Even mild dehydration, a loss of just 1 percent to 2 percent of body weight, can produce symptoms including weakness, dizziness, fatigue, headache, and reduction in mental and physical performance.
“The idea of drinking water is really essential to maintain normal good health,” says Dr. James Dunford, emergency room physician with UCSD Medical Center and medical director of San Diego's EMS system. “Water is needed to help preserve body functions and vital organs and maintain blood pressure. It brings nutrients to the cells and washes away the toxins. Water is the most important molecule we commonly take for granted.”
In one of my CFS books, it comments that you can tell how bad a person's CFS is by the size of their water bottle. Well, yes and no. I do drink a lot of water when I'm running a fever or when we're having triple digit temperatures, but other than that, I don't drink huge amounts of water. I usually sip at the same 20-ounce bottle all day (plus beverages with meals).
This water-bottle theory may be another of those lookalike misdiagnoses, where people think they have CFS, but what they really have is "weakness, dizziness, fatigue, headache, and reduction in mental and physical performance" from dehydration. As with every other lookalike condition, there are symptoms and test results that differentiate it from CFS.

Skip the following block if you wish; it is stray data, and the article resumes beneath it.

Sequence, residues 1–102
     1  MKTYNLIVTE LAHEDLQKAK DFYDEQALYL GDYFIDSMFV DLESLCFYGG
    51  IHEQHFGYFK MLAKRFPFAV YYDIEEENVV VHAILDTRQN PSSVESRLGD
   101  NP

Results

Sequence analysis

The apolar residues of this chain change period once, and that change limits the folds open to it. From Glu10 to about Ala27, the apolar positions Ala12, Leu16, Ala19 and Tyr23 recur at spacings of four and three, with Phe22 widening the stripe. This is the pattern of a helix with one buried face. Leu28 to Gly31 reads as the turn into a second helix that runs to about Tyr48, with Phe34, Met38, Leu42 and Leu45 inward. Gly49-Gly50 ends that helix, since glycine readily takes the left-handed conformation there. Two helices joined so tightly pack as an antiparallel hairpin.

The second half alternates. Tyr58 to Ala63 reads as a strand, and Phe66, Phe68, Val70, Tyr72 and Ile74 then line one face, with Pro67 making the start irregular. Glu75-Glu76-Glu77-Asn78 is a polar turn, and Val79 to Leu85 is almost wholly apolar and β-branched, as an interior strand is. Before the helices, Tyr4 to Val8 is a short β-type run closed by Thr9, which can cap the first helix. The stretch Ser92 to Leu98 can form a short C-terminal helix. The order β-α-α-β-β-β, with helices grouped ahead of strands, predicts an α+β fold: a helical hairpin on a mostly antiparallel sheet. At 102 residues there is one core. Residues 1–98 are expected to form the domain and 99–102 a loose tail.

Unfortunately, over the past 20 years, the definition of CFS has been watered down to include anyone with fatigue for any reason. Some of this was done by groups with ulterior motives (e.g., psychologists who saw a chance for profit in confusing CFS with an entirely different condition with a similar name and thus persuading the government to mandate years of psychotherapy for Disability recipients). Some of it was done by people who don't understand that there's more to Chronic Fatigue Syndrome than chronic fatigue.
As a result, there are a lot of doctors out there who apply the CFS label to people who don't have CFS, who never had CFS, who the experts would tell "you don't have CFS", who the neurological and immune system tests would prove don't have CFS.
Do yourself a favor -- if you don't have the symptoms described by the original CFS definition (such as fever, swollen lymph glands, and sore throat), hie thee to a CFS expert and get the right diagnosis. If you have something as simple as dehydration, it's much easier to get back to feeling well than if you actually have CFS.
On the other hand, while you're waiting for that appointment, do your own First Aid experiments. When I started fainting right after starting a new medication, by the time I went to the doctor, I was already able to tell him that I'd tried eating chocolate, proving it wasn't hypoglycemia, and I'd tried drinking extra water, proving it wasn't dehydration. That ruled out two of the possibilities he was going to suggest. If you feel much better after drinking more water, then you may have fixed the problem without the expense of a specialist appointment.